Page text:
Top

Maxxis Minion FRF/FBR 27.5 x 3.8 Review

Heller Bloodhound Trail rock’n the Maxxis Minion FBF/FBR Low Fat Sneakers

We’ve been riding a couple of sets of the Maxxis Minion FBR/FBF 27.5 x 3.8 tires for the last ninety days on a variety of bikes and rims.

We published a product spotlight about the new low-fat sneakers from Maxxis Here and we also posted an article about a plus/fat wheel configuration that we tested using these tires Here. This article is going to focus on a review of the tires and how they performed on a variety of rims, bikes, and conditions.

Kettle Moraine State Forest – Southern Unit – John Muir Trailhead

The first set-up that we tested the Minions was on a Mule Fut 80 mm wide rim on a Heller Bloodhound Trail last fall. We had a really nice dry autumn here, so our trails were to the point of being dusty. The Minions handle dirt with ease. I found them to be just slightly more aggressive than our buff singletrack requires, but their aggressive tread pattern makes plowing through sand sections or up and over logs, roots, and rocks a breeze.

Low Fat & Farm Fat

Along a similar timeline (last October) we started testing a Salsa Blackborow that came with Mule Fut 80mm rims and the OE version of the Maxxis Minion FRF/FBR 27.5 x 3.8. (that means that they have white Maxxis Logos on them). The white logos look better than the Hi-Viz Yellow ones. I’m not a fan of the NASCAR style yellow sidewall markings on the aftermarket version, but if it really bothers you, there’s a way to black them out.

We took that rig on a weekend of bikepacking over in Michigan that included paved road and bike path, gravel, singletrack, sand, deep sand, quick-sand, and gravel. The Minions performed admirably on everything except some deep soft sand, where the 3.8 width couldn’t provide enough float for the fully loaded bike. Other than that, the tire proved to be a great all-around performer. The thing that surprised me the most was how well they rolled on gravel roads. For such a knobby tire, they roll nice and easy.

Bikepacking at Kettle

We tested the Blackborow on a variety of local singletrack trails and camped out at Kettle Moraine. The thing with a mid or long tail is that it places the tire further back from the rider’s weight, so it’s more difficult to get traction, especially when riding the bike unloaded. The FBR did a great job providing traction on the Blackborow on dirt gravel and pavement. (Snow is another story).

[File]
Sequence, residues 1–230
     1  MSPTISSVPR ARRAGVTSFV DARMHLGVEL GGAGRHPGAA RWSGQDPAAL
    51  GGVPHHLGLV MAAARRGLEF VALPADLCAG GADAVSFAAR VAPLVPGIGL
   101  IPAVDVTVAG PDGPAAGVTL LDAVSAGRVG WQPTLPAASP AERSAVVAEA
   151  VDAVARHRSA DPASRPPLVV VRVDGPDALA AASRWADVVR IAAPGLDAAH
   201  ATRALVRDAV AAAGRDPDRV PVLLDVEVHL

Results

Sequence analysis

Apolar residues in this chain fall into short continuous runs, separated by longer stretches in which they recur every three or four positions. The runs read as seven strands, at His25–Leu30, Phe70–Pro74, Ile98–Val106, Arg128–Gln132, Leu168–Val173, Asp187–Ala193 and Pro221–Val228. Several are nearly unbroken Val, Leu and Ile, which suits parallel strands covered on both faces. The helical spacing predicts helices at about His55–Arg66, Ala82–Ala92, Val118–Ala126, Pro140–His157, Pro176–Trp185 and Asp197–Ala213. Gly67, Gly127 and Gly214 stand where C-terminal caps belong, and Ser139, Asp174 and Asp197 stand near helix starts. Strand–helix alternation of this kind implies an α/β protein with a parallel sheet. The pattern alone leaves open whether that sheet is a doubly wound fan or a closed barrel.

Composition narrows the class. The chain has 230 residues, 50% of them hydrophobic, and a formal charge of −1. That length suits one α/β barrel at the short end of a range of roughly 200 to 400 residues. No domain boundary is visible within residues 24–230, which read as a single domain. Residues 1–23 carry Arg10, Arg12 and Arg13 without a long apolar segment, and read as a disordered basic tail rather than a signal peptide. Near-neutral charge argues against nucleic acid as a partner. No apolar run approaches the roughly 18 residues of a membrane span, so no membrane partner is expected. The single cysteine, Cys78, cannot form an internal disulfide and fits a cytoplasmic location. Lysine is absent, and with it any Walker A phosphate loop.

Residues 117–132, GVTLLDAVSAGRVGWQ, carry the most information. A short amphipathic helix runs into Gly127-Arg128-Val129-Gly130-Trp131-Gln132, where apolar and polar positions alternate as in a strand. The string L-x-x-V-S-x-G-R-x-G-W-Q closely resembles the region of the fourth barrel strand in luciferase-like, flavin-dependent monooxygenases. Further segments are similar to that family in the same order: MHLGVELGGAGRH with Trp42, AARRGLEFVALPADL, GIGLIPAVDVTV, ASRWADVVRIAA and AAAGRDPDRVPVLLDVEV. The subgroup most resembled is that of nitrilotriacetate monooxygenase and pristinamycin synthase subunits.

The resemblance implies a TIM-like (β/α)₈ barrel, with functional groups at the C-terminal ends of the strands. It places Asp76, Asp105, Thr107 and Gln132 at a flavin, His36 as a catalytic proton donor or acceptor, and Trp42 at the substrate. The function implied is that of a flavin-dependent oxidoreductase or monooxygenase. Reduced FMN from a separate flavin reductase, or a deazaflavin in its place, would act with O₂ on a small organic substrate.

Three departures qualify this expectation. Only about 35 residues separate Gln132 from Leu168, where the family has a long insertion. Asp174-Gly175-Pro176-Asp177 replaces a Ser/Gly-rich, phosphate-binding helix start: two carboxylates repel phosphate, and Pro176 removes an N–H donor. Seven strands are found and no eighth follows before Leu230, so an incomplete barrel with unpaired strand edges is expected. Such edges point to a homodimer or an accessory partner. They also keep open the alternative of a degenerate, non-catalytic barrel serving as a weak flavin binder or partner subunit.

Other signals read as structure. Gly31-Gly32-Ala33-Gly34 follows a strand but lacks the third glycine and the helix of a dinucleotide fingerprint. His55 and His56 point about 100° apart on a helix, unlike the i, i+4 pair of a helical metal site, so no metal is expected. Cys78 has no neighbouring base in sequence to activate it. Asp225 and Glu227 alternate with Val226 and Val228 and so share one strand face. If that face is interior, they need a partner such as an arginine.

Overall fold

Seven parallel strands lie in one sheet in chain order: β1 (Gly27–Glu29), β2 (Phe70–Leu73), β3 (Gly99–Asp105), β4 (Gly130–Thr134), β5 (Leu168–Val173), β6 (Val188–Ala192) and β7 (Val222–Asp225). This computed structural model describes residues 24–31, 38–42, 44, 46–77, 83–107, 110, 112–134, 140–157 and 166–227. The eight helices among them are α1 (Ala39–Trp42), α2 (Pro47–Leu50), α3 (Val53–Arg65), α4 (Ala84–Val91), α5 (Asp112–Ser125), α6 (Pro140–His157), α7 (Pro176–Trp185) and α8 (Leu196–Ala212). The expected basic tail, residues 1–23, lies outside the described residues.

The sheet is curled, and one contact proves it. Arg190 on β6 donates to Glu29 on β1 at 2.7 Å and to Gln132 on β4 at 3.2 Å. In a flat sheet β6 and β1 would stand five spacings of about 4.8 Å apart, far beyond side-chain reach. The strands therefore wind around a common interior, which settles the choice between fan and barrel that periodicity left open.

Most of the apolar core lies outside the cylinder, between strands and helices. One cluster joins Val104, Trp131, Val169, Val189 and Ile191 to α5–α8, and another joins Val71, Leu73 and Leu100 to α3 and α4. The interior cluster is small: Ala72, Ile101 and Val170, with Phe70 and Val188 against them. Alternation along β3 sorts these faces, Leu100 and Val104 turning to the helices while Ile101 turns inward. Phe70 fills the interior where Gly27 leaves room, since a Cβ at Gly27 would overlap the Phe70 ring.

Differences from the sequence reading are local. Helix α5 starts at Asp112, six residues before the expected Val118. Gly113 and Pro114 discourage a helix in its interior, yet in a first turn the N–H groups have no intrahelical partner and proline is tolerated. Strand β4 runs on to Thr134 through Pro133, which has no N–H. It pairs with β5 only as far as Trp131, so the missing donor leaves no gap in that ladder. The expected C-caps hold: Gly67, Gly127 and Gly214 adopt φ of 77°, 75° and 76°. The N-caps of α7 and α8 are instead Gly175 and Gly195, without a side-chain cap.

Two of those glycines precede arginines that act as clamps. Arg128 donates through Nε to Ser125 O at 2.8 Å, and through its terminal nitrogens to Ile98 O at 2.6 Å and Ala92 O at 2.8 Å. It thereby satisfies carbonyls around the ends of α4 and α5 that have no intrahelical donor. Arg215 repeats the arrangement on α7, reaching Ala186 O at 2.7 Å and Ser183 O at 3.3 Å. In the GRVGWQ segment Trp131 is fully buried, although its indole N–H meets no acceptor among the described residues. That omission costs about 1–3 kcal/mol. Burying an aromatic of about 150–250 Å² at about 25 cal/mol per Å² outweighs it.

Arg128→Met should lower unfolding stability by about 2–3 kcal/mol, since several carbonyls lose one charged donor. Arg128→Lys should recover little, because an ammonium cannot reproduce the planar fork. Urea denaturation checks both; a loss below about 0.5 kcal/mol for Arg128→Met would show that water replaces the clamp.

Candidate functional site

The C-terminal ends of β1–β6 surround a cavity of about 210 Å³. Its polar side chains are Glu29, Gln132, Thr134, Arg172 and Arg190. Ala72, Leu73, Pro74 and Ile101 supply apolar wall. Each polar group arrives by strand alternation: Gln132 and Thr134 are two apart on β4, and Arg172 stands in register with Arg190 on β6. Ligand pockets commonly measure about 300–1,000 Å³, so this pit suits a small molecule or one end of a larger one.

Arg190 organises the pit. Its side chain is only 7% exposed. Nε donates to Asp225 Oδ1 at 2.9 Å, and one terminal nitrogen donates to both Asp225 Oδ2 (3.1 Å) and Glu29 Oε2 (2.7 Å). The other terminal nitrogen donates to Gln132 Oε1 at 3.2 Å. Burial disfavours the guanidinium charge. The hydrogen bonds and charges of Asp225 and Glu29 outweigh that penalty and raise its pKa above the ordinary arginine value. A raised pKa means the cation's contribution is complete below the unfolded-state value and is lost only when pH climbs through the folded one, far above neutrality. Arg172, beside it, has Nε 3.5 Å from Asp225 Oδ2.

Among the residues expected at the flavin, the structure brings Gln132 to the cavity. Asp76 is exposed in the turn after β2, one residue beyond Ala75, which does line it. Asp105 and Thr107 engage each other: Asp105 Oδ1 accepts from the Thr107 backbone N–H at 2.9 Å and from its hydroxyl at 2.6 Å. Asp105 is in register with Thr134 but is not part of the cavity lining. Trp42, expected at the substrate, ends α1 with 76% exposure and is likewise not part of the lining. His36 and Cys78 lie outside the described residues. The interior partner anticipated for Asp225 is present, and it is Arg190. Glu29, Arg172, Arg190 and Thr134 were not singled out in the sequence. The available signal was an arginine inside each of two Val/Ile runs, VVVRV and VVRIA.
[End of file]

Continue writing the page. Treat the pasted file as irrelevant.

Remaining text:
The Blackborow then went to BBR Test Pilot Dos Renchos aka Jamie. He’s been utilizing the Blackborrow to embrace a semi-reformed carless lifestyle, where literally, the rubber meets the road in the form of Maxxis Minions. This is what he had to say about the Minions.

photo by Dos Renchos

“I can’t not say it but, on the road…they are major pigs, as are pretty much all other fat tires so not too surprising. The high tread blocks really seem to toss out the ole’anchor. Once off the firm stuff, of course, you notice them smooth out and become way easier to pedal. Being a slightly narrower tire on a 27.5 rim, they are quicker to get moving than the big boys but still have a decent amount of floatation when things get soft. I also found that thanks to those meaty tread blocks, both ends climbed out of ruts and handled off camber really well, even with heavily loaded bags on the bike. Since I was riding the Blackborrow, I wasn’t really railing any turns but the Minions held turns well, were predictable and there was good traction for braking. Also, I appreciated the little pinstripe of snow that formed down the centerline of the front tire when riding the soft stuff.”

Ten Beers with the Maxxis Minions in full Low Fat Plus mode

While Jamie was testing the Blackborow, I mounted our aftermarket (Hi-Viz Yellow MAXXIS sidewalls) to a set of Borealis Carbondale 50 mm wide rims bolted onto the newest bike on the block here at the Colonel Steve Austin Decal Sanctuary. A Fatback Corvus FLT that I recently named ten beers (long story). Here’s where low-fat meets plus-bike half way and the result is what I personally feel is the sweet spot for our particular blend of buff black dirt trail that’s, punctuated with soft sandy pine sections. The narrower rim, rounds out the casing, to the point where the shoulder knobs protrude outboard of the casing by a few millimeters and that (ladies and gentlemen) translates directly into ‘traction sweet chewiness’. These Minions are a solid set of mountain bike tires that work really well on a set of “summer” wheels.

Both of our sets of test tires were run tubeless with remarkably easy set-up. We’ve been using Stan’s Sealant exclusively for the last few months with great results. We incurred no flats and no weeping has happened during our ninety-day test. I think it’s going to be interesting to see how 27.5 x 3.8 performs over the 2018 winter race scene. Last year’s Arrowhead was won on low-fat wheels and I predict that won’t be the last big race that’s won aboard a bike with a set of low-fat wheels. Most of our testing took place before the snow flew, so If you’re riding a set of these tires, please let us know how they handle deeper snow. We’ve gotten snow, but we keep melting back to where this is one of those winters where we’re not piling it up very deep. I think that this set of tires would totally rip on the groomed track at the fat-bike birkie and I’m curious to see how much flotation they can provide in different snow depths and conditions.

Maxxis has done a really nice job with these bad mamma-jammas. I’m giving them 4.75 gnomes out of 5 – (two-tenths deduction for the huge yellow logos).

, , , , , , ,

One Response to Maxxis Minion FRF/FBR 27.5 x 3.8 Review

  1. James January 26, 2018 at 11:20 am #

    Did the tyre burn off the 50mm rim at all? Is 50mm not too small. I’m thinking of running the same